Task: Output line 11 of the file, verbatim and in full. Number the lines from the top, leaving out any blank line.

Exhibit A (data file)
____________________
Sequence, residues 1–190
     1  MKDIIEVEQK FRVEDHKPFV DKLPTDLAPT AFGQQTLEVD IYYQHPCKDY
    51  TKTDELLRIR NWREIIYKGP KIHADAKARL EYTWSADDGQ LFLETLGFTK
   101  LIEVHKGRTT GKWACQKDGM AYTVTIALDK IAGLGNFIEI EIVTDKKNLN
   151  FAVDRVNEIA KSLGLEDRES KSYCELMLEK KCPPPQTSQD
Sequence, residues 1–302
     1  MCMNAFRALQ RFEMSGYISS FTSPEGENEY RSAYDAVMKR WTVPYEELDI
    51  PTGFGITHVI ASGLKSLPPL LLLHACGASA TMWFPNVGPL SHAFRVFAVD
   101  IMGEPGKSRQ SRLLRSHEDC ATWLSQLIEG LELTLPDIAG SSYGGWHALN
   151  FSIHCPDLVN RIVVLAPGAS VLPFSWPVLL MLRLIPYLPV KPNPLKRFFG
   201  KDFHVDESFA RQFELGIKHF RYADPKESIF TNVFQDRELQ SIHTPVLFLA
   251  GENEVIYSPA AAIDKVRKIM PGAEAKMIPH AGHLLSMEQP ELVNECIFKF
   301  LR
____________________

   201  KDFHVDESFA RQFELGIKHF RYADPKESIF TNVFQDRELQ SIHTPVLFLA